Every so often, the open source community gets into an argument about what the software we create should really be called. Recently, for example, I’ve been seeing people using the term “Enterprise Open Source.” In response, I want to make two observations—one that questions the utility of that particular term and a second that suggests these debates over wording distract us from something far more important.
On its face, “Enterprise Open Source” sounds like a useful modification of “open source.” It appears to acknowledge that almost all enterprise software now includes significant open source elements and that open source solutions now dominate a number of crucial areas of enterprise technology (the rise of containers being a good example).
But the term also conflates two things that we should be careful to recognize as very distinct. On the one hand, there is software generated and curated by a broad community of developers, many of them professional developers working for enterprise-oriented suppliers. On the other, there’s the software that is used to run an enterprise.
When the two are used interchangeably, it’s possible to make claims about “Enterprise Open Source” that sound impressive but tell us very little. Figures suggesting massive adoption of “Enterprise Open Source,” for example, aren’t helpful if they don’t map to a clear definition of what that means.
Does running “Enterprise Open Source” mean taking a Git clone from upstream, then simply compiling it to run your own applications? It can’t, because no one actually does that. Does it mean that every single part of your software stack is open source? That’s pretty rare, so your numbers would be pretty low. Or will having some open source components in your software, which just about every enterprise now has, be enough for it to count? In that case, your numbers will be correspondingly high.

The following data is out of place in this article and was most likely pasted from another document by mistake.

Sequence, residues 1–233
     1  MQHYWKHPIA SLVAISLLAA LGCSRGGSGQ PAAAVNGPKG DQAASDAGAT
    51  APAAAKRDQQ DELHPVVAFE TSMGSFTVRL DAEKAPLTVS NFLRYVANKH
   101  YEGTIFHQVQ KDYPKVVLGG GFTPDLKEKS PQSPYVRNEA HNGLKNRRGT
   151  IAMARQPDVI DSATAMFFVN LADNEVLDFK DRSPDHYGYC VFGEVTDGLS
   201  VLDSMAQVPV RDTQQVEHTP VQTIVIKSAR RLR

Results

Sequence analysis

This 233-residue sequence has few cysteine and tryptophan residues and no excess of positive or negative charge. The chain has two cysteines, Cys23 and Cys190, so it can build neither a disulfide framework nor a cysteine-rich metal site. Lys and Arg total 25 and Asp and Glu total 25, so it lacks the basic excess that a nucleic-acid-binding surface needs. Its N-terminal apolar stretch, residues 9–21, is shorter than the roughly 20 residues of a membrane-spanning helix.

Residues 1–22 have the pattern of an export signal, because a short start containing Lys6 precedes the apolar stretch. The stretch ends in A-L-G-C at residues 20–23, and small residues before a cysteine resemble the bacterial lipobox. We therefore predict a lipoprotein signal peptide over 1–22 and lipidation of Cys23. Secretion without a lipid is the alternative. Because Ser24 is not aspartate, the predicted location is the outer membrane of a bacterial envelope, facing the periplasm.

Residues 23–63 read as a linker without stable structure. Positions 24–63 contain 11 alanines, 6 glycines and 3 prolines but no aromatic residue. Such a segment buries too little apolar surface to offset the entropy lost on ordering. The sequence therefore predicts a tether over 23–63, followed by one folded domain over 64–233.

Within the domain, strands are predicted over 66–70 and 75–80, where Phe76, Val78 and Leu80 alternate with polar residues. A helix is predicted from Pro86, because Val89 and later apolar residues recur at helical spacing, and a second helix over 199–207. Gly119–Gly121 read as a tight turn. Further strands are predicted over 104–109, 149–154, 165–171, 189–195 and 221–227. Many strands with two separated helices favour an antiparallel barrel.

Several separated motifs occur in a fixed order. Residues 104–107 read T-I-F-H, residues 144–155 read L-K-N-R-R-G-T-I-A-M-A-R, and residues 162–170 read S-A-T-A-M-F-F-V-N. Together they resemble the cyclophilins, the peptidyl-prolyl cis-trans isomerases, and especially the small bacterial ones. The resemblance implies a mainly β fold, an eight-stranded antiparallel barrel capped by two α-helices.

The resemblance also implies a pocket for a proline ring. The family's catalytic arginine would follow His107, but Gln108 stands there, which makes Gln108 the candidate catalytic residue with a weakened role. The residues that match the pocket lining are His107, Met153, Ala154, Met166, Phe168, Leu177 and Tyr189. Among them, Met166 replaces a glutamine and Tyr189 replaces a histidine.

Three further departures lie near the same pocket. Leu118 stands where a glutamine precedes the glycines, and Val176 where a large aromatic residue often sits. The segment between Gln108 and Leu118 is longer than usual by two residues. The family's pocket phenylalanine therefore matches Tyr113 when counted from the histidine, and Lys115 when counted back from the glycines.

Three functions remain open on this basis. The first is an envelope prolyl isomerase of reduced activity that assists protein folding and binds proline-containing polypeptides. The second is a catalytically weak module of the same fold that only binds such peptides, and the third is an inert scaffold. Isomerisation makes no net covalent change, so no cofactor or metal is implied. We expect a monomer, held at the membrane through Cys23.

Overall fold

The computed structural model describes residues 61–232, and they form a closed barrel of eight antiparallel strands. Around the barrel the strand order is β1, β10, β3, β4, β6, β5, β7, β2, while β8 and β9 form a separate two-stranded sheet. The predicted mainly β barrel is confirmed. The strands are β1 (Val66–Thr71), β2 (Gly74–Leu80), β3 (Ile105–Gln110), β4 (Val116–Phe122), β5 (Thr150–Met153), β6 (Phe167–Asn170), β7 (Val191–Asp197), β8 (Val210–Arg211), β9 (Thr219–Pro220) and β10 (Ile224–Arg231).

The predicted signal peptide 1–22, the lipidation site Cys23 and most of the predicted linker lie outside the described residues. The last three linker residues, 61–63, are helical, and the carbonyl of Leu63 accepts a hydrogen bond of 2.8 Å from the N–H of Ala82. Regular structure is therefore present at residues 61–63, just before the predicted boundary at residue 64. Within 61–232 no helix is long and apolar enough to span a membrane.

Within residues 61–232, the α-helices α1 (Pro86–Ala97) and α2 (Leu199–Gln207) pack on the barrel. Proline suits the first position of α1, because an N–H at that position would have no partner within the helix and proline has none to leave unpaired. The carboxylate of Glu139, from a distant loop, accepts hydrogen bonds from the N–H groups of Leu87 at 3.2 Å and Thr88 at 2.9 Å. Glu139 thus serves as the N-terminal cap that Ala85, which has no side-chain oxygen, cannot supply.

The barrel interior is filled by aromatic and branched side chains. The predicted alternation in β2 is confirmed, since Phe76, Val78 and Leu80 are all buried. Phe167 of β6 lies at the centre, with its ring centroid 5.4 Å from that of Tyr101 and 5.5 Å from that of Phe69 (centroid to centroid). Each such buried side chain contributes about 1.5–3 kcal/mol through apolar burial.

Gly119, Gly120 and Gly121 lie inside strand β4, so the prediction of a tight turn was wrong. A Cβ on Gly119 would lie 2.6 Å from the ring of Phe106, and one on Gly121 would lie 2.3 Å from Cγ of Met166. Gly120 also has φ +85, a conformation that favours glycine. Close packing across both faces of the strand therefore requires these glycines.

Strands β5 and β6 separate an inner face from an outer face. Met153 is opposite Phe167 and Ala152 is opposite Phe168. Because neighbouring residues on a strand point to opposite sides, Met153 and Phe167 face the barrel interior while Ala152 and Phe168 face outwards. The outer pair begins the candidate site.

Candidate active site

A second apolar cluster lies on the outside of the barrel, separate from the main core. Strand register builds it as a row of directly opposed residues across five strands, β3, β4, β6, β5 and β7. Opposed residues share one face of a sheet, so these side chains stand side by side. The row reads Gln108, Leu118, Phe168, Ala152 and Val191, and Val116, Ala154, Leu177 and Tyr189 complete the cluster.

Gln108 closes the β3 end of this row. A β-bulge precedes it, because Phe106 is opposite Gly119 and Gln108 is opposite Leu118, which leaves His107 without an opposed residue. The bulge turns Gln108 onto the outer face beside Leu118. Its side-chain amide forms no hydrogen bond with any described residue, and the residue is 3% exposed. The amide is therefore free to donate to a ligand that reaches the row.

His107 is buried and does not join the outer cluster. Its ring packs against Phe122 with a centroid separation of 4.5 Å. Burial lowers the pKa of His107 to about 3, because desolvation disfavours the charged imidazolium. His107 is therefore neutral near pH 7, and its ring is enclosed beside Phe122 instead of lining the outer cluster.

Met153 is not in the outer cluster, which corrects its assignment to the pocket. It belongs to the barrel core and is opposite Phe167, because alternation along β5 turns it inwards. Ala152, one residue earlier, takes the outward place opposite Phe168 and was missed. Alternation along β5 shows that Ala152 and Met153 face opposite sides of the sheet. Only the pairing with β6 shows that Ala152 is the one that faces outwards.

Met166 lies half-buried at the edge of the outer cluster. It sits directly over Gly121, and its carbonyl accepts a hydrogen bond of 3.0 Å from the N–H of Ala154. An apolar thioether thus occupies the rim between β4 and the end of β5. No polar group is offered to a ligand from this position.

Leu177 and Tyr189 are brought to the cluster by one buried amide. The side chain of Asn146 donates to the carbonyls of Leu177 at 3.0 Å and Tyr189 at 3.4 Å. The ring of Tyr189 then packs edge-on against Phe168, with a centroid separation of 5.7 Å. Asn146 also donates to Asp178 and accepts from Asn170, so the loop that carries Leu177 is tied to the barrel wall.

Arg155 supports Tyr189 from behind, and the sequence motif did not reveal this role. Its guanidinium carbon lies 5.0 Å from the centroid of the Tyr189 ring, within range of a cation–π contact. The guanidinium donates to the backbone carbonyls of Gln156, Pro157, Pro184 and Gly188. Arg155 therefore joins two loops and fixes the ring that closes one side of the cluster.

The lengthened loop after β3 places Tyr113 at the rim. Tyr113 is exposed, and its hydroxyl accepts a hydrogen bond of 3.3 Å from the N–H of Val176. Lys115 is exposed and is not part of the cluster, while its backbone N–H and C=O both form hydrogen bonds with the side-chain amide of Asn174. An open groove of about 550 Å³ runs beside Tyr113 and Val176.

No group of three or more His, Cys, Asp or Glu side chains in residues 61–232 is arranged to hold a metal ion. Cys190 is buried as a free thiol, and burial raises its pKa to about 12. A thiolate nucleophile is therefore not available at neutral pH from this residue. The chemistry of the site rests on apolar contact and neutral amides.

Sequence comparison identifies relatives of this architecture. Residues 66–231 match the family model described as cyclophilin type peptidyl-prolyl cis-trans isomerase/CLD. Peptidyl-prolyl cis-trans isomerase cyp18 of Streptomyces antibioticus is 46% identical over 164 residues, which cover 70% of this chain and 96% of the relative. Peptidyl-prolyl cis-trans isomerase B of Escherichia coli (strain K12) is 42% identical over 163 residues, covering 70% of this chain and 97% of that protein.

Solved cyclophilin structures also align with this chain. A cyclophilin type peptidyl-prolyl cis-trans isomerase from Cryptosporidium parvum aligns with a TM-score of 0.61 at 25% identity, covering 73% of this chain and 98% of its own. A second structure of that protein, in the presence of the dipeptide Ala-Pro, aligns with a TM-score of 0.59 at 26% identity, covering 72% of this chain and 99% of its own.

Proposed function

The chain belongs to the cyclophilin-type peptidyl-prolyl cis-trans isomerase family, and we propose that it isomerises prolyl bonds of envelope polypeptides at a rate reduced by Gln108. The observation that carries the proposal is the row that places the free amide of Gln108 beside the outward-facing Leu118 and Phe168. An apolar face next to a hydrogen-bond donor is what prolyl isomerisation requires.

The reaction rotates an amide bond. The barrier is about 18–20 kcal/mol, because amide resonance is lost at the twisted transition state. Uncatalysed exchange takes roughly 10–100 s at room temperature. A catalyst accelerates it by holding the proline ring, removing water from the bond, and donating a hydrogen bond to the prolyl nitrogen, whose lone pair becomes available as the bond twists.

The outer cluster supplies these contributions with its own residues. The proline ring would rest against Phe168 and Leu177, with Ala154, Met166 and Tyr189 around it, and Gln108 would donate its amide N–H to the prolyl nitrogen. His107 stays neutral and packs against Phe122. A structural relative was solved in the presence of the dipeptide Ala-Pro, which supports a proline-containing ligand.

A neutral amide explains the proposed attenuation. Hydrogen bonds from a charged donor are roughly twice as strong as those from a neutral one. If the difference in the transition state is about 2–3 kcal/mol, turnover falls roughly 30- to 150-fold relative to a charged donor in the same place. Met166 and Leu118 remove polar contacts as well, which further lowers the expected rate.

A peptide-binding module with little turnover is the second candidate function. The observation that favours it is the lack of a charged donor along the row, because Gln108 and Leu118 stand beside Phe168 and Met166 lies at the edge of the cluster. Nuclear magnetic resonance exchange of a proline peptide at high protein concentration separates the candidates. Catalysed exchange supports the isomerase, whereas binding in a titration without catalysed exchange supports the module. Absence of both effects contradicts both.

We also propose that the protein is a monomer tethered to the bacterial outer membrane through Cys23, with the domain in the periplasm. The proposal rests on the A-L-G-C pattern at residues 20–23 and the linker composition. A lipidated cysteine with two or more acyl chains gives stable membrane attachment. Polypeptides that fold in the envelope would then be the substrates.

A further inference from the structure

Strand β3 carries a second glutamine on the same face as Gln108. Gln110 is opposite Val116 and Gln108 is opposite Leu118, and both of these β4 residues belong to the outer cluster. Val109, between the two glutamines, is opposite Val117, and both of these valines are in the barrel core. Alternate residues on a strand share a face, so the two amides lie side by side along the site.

Unsurprisingly, we’re seeing instances where multiple definitions of “Enterprise Open Source” are used within the same article. While that might serve the particular ends of the authors, it further complicates the situation and makes it harder to give actionable information to the people who really need it.
So, do we just need a better—and better defined—new term? For me, the answer is a clear “no.”
We have a far more important task at hand, one that gets to the heart of why VMware actively participates in the open source community and why we have open source components in all of our products.
Open source software is important because it helps everyone in our industry accelerate innovation. It lets us help our customers innovate, harness rapidly developing technologies and build consensus around, and quasi-standards for, APIs that can benefit every player in their specific ecosystems.
Rather than getting hung up on dogmas or definitions, we simply aim to develop combinations of open source and commercial software that will make our customers as productive and successful as possible at enterprise scale.
The message we hear from our customers is very clear. They want to use the APIs and the technologies that are being created in open source communities. But that’s because these technologies will help them succeed at scale, not (typically) because they are developed in a particular fashion.
To put it another way, our customers care about business outcomes, not the labels we put upon the software that gets them there. And VMware is committed to helping each of them find the most reliable, scalable solution that fits their needs.
Our message in return to our customers is equally clear: we are deeply engaged in open source and we will work with you to create the solutions that you need. Don’t get distracted or let yourself be confused. Instead, keep working with your partners to understand what you need to do for your business to thrive, then focus 100% on putting that in place.